‘You never get a second chance to make a good first impression,’ goes the old saying, and while there is uncertainty over who actually coined this bit of wit, its guidance resonates to this day and seems to be a driving force behind a slew of quirky agency reception designs, as Gillian West finds out.
“After the people and the product that you produce, the reception is the most important aspect of any business, full stop,” says Dave Buonaguidi, chief creative officer at Karmarama, whose office boasts a disco tunnel, a huge red Buddha, a VW camper van and a life-size plastic llama.
An agency’s reception area is often viewed as a reflection of the creative talent who choose to work there, meaning the area has to work 10 times harder than the same space within a lawyers’ or doctor’s office. Just like the brands they work on, agencies increasingly have to consider the impression their workspace creates because right from the moment someone walks through the door they are building a picture in their mind of the business. And if that person walking in the door happens to be a client with a multi-million pound brief, you’d better hope it’s the picture you want them to see.
With numerous potential clients passing though agency receptions on a daily basis, FCB Inferno’s Tim Doust explains how “every agency is trying to distinguish itself from the next, and the reception area is where all of this comes to life”.
The reception has to convey “everything an agency stands for; its values and the image it wants to project”. Décor is one way for an agency to make its mark on visitors, and from Karmarama’s off-beat additions to Elmwood’s ping-pong table and BBH’s coffee bar, each item is there to engage potential clients and reflect the agency’s ethos.
For example, creative agency FST uses its reception area to showcase the two things it feels are most important to its business – its clients and its people – by displaying portraits of its staff and an ever-changing collage of live clients on its walls.
Wieden+Kennedy Amsterdam, on the other hand, celebrates its creative edge by promoting work from emerging and established creators, artists and troublemakers in its foyer, and in Leeds the centrepiece of Elmwood’s reception is a timeline of its history.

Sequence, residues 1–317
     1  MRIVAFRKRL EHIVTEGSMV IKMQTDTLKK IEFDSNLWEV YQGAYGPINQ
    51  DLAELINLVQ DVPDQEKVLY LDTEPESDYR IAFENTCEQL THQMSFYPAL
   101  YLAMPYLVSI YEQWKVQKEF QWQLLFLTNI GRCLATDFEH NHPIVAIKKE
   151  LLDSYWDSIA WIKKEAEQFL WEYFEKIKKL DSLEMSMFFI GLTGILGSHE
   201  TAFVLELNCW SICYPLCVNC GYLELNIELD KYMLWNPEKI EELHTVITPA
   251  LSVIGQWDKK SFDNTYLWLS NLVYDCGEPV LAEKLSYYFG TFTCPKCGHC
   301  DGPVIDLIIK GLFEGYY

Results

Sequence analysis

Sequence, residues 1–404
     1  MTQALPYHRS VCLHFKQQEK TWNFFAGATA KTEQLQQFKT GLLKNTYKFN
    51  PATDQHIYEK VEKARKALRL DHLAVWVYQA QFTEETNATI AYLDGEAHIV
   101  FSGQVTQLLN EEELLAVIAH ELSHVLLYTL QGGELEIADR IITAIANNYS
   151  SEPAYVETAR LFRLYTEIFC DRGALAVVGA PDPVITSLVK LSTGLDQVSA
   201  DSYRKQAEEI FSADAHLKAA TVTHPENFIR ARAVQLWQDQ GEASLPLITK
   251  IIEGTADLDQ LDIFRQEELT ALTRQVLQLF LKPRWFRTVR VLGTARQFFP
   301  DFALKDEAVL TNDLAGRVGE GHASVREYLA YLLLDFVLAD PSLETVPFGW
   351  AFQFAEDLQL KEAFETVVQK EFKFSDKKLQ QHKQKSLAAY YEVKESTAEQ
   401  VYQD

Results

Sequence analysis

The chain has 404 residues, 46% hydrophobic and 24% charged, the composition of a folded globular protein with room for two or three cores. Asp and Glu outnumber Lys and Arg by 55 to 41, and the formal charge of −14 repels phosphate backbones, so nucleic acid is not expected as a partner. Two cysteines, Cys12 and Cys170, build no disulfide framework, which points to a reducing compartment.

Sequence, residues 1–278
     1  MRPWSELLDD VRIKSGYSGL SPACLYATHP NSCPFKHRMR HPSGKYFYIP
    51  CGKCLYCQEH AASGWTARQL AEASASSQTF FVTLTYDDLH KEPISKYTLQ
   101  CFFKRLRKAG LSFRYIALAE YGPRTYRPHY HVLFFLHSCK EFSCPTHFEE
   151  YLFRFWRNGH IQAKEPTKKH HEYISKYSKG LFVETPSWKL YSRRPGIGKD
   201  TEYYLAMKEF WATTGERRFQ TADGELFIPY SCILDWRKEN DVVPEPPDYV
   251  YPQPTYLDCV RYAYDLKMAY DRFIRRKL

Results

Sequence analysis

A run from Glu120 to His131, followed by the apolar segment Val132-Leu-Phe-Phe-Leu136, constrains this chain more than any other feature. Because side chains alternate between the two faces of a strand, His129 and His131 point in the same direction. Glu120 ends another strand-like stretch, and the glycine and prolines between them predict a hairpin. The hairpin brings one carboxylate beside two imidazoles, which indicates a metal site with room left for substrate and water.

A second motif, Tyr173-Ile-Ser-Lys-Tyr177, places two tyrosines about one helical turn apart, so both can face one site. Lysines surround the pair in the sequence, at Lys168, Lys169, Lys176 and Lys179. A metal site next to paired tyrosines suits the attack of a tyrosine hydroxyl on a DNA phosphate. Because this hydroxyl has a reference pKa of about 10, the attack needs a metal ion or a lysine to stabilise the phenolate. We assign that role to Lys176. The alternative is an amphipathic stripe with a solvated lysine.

However, no amount of style will make up for lack of substance with many companies crediting their ‘front of house’ staff for creating the ultimate first impression. BBH London has gone as far as bringing in top London restaurant maître d’s to impart their wisdom on how to make people feel welcome and serve ‘customers’, whereas FCB Inferno employs jobbing actors as its front of house staff to make use of their energy and artistic mindsets. “User experience is an increasingly important thing in our business and we’re trying to recreate the content we create for clients in the experience they get from our building,” BBH London’s deputy chairman Jon Peppiatt tells The Drum. “In the past we’ve had a few absolute pros from the restaurant business come in and talk to us about how to serve customers and how to make people feel welcome,” he says, explaining that the agency’s receptionists walk with clients to meeting rooms or the coffee bar, and offer to take bags. “It’s the little things that stop you from thinking ‘oh God, they don’t want me here’ and shrinking into a corner.”
Peppiatt goes on to explain that this is not just for the sake of being nice. Or not purely anyway. “There is a strategy behind it,” he reveals. “We’re doing it because we know if we give the right impression it will make the clients feel good and respect us more. That leads to better relationships, which leads to better work and more new business, which becomes revenue and pay rises. It’s that circle which is really, really important.” Outwith impressing clients and visitors, an agency’s reception area sets the tone for the rest of the office space, and the University of Minnesota’s Carlson School of Management suggests that creative office design leads to increased creative output in a recent study.
“If an environment is clean and professional, we feel we should act that way. And if it’s more relaxed and carefree, we can let ourselves go a little bit,” comments assistant professor and one of the report’s authors Joe Redden. Thought to have begun in the US in firms like Google, Ticketmaster and Apple, changes to the way we work have been the catalyst behind playful interiors, argues Karmarama’s Buonaguidi, who tells us that the office space, and what it says about an agency, has shifted from being a “temple showroom” to a more relaxed and open place to work. “I prefer working in interesting, stimulating spaces,” he explains, “and more modern ways of working mean that we have moved from ‘officebased’ offices to open plan environments, and that means more opportunity to have fun and create interest and stimulation.”
This is an insight shared by FCB Inferno’s Doust, who believes it’s more than just “quirkiness”, but because making the working environment fun is a “tried and tested branding tool”. The founding partner adds that “businesses like Google, Facebook and Bloomberg have demonstrated the effectiveness of interior design in recent years in attracting attention, talent and business.” So whether you decide to transform your office into a giant treehouse à la Mind Candy, or keep it slick and sophisticated, the trick, according to W+K Amsterdam’s managing director Clay Mills, is to “convey the values of the organisation rather than falling prey to gimmickry”. It’s advice we could all take heed of.This feature first appeared within The Drum magazine's 19 March issue, available to purchase onlineat The Drum store.